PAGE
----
Sian investigates how our supermarket pork could be infected with dangerous antibiotic resistant E-coli seriously risking our health. Many farmers overuse antibiotics on their animals and this has led to many dangerous bacteria like E-coli and salmonella becoming drug resistant, meaning antibiotics will have no effect on us humans if we become infected with these bugs. Armed with 57 samples of supermarket pork, Sian visits Dr Robert Atterbury at the University of Nottingham, who tests them all and shockingly discovers that 67% of our supermarket pork is infected with E coli which is found in animals’ guts and can cause serious illness. But more worryingly still, all of these E coli bacteria were antibiotic resistant, potentially endangering lives.
Meanwhile Stefan travels to Scotland to discover some of the challenges facing the salmon industry – including sea lice and what the farmers are doing to tackle this unpleasant creature. Chemicals are one of the most common methods used to kill sea lice, but they affect the fish reducing their appetite and growth and they can’t be sold for several weeks after treatment. To add to the problem, the lice have built up a resistance to most of the major chemicals used. So, some salmon farmers are turning to a more natural solution to get rid of the lice. They use a local fish called the wrasse which loves lice, otherwise known as the “cleaner fish”, to do the job.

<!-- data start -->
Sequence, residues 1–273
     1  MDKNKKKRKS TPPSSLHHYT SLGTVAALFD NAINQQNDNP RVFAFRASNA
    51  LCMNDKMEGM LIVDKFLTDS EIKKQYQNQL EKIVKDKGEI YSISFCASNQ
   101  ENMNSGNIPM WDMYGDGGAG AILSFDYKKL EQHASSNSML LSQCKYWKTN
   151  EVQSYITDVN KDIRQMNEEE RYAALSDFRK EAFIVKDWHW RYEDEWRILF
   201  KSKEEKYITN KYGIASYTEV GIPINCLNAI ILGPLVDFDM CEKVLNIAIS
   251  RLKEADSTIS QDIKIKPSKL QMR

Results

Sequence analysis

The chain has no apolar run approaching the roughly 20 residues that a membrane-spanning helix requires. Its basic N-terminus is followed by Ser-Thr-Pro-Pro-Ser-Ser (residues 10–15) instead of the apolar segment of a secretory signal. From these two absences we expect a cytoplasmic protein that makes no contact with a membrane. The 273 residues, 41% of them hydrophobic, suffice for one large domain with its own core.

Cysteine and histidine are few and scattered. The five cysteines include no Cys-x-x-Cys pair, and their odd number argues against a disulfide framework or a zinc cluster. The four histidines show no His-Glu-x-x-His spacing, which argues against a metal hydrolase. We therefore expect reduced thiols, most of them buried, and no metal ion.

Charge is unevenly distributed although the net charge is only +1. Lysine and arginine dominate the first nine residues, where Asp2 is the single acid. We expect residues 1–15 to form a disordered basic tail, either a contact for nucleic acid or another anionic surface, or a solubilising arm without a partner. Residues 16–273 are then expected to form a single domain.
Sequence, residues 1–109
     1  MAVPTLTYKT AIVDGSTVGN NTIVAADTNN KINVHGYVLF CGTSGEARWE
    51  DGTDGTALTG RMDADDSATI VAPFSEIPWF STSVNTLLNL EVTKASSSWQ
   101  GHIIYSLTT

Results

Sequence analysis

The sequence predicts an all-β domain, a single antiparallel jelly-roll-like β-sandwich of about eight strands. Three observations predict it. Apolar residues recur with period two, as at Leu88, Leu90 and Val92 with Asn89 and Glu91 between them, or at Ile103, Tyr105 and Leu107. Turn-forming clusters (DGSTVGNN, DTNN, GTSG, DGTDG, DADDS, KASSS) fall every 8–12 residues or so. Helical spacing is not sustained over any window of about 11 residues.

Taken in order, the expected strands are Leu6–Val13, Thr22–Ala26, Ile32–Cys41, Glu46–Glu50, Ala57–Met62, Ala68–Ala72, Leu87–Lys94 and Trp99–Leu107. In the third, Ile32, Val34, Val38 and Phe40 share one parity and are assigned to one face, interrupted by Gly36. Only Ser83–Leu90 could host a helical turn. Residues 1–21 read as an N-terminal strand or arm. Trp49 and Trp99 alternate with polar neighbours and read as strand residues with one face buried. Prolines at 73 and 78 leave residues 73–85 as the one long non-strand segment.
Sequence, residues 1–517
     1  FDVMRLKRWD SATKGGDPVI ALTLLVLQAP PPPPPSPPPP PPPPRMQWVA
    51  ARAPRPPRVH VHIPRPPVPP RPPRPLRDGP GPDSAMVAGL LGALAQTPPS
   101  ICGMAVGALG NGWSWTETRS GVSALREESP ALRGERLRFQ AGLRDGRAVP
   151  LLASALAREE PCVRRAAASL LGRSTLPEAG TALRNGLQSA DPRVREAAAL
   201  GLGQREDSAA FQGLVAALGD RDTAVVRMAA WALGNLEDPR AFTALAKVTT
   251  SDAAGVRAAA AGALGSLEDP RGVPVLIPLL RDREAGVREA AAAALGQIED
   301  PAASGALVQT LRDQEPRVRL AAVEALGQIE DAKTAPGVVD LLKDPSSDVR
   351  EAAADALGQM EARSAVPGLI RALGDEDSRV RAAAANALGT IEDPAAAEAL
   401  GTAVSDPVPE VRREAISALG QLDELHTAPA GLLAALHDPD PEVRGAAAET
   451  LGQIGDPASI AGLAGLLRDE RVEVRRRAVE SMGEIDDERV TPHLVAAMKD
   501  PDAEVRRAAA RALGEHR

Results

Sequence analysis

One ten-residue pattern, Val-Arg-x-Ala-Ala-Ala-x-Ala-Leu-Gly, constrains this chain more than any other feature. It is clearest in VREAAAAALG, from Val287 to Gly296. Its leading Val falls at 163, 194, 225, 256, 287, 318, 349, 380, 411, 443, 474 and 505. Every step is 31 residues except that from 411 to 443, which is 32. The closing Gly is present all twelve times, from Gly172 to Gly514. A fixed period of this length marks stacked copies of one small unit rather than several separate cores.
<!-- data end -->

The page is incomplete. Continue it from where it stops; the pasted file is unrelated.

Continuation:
Finally Stefan is on the trail of fresh and frozen fish and whether we can taste the difference. Stefan is on board a trawler in South Devon to discover how quickly their fish gets from the sea to the supermarket and how they keep it fresh. Stefan then visits Brixham market where Richard Chivers, a fish food safety expert, helps Stefan see whether it is possible to taste the difference between fresh and frozen fish.